This, to be honest, turned out to be something of an anticlimax. On submitting to Ford Madox Ford’s famous test, I experienced the usual low-level anxieties, wondering what stylistic outrages I would find in the middle stretches of my new book. But when I reached page 99 of How the Shopping Cart Explains Global Consumerism, I discovered that the helpful typesetters at the University of California Press had handed me a free pass: rather than my own unvarnished prose, it features someone else’s photograph [below left; click to enlarge]—and a really interesting one at that.

As a press photographer in postwar Washington DC, Thomas O’Halloran usually plied his trade by focusing on the manly icons of the Cold War: John Glenn, LBJ, Nixon, Kissinger, Khrushchev. But it is his impromptu shots—his images of off-duty soldiers, mustering Civil Rights marchers, and Virginian schoolchildren—that are perhaps likelier to catch the eye today, opening a window on everyday Washington life. His 1957 photos of unnamed customers in a suburban supermarket certainly captured my interest, and not
“Shopping in Supermarket” 1957
least as they call attention to details in this new approach to food shopping that never showed up depicted in the newspaper and TV ads of the period. Maybe, like such promotional material, they too confirm that Americans were becoming a “people of plenty,” in David M. Potter’s phrase. But whereas female shoppers in these ads often seem at ease, even spellbound by such plenty, O’Halloran shows how his subjects must kneel and bend and reach into it, inspecting and calculating it as they assemble the “big shop” of the week. As such he reminds us that the supermarket’s epic achievement of transferring American plenty into American homes only became possible because such stores handed an individual cart to each of their shoppers and required them to fill it up.

Although it is given over to visual illustration, then, page 99 still encapsulates the later stages of How the Shopping Cart Explains Global Consumerism. It captures what I elsewhere try to put into words: that the cart acts upon us as individual consumers by urging us to consume, to consume too much, and to take upon ourselves some of the work of this overconsumption. But I would add that, in emphasising both the long parallel lines of the grocery shelves and the text and images of the packages placed upon them, O’Halloran’s unusual perspective also looks ahead to modes of shopping that have become prevalent in our own period. His shoppers here become speed readers, rapidly scanning the shelves before they reach through the representation of the thing to pick up the thing itself. This alone seems to me to call attention to the continuities between the supermarkets of the last century and the touchscreen technology of today, and to the way in which the latter, too, urges us to scan a rich surface of vibrant goods and to spirit those we want or need into a cart whose overall price is not quite under our control. Opinions will no doubt differ in this regard, but I think the photo is full of contemporary resonances; a justification, if you like, for the fact that the central verb of my book’s title—Explains—is in the present, not past, tense.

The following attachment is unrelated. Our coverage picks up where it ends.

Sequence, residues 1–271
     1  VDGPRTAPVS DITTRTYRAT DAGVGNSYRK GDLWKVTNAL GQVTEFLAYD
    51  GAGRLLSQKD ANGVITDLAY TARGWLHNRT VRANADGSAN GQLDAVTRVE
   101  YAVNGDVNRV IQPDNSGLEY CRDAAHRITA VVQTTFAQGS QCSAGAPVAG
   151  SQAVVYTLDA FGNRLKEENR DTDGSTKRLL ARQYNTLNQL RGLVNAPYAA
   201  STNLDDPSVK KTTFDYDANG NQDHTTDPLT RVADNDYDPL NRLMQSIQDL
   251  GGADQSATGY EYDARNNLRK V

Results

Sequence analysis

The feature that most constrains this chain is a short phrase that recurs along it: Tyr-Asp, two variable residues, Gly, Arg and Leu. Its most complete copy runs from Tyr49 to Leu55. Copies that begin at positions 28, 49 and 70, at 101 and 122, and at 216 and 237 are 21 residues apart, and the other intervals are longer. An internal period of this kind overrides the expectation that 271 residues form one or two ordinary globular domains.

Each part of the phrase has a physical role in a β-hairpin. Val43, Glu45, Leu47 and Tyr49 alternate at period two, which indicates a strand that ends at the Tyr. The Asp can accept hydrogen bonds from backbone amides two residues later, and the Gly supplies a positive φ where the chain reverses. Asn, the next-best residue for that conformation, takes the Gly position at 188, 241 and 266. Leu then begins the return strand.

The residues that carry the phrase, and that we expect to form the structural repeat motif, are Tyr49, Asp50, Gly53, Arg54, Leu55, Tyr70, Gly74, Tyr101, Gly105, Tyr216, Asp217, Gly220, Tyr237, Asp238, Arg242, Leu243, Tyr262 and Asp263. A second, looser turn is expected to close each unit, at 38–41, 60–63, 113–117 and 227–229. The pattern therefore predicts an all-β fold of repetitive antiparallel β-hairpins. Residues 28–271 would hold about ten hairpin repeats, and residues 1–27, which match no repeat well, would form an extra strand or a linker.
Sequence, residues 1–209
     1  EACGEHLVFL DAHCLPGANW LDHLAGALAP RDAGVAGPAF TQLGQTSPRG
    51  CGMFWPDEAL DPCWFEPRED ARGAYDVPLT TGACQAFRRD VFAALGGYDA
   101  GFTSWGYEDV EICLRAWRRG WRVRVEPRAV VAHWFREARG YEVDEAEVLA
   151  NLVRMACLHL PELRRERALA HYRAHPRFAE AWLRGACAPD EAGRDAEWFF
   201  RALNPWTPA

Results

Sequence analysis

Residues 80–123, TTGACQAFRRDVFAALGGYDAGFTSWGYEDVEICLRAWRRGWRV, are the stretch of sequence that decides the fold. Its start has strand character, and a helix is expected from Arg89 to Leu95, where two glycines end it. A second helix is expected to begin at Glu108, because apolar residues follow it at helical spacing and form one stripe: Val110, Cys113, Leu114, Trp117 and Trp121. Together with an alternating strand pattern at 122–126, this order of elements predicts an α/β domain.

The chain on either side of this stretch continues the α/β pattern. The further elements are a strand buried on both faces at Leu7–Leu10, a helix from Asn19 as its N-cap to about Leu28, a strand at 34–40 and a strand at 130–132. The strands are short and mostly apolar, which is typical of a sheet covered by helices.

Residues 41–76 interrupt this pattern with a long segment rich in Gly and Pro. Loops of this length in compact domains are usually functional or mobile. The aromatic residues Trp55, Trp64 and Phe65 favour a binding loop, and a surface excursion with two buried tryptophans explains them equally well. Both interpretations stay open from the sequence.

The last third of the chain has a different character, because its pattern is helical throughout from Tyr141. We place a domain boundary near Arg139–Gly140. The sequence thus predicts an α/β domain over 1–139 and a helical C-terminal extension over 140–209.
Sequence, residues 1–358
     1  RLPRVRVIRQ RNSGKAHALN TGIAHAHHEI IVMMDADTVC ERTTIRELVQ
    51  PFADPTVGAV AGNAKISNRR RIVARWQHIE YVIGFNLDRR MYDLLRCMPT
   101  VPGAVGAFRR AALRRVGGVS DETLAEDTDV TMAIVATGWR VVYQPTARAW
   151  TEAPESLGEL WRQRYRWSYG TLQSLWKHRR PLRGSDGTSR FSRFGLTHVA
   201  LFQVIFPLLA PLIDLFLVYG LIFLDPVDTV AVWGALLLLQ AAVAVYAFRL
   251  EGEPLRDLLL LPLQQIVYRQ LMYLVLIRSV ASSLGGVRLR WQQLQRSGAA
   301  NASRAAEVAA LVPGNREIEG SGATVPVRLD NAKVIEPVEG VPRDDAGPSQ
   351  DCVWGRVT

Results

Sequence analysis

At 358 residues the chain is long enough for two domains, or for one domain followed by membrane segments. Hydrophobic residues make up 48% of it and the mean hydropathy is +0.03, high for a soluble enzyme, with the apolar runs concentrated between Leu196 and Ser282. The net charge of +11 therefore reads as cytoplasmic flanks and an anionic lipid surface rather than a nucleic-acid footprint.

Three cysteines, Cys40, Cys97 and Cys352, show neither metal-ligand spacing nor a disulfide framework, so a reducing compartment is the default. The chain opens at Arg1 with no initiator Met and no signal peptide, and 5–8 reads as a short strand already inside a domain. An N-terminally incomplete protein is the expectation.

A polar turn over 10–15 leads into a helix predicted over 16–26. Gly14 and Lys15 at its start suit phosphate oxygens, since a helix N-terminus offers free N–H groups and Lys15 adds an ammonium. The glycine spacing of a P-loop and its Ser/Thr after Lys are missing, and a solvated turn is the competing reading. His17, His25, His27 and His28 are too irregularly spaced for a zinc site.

Learn more about How the Shopping Cart Explains Global Consumerism at the University of California Press website.

The Page 99 Test: Savage Barbecue.

--Marshal Zeringue

Saturday, March 9, 2019

Jean E. Jackson's "Managing Multiculturalism"

Jean E. Jackson is Professor Emerita of Anthropology at Massachusetts Institute of Technology. Her books include Indigenous Movements, Self-Representation and the State in Latin America (2002), co-edited with Kay B. Warren, and "Camp Pain": Talking with Chronic Pain Patients (2000).

She applied the “Page 99 Test” to her new book, Managing Multiculturalism: Indigeneity and the Struggle for Rights in Colombia, and reported the following: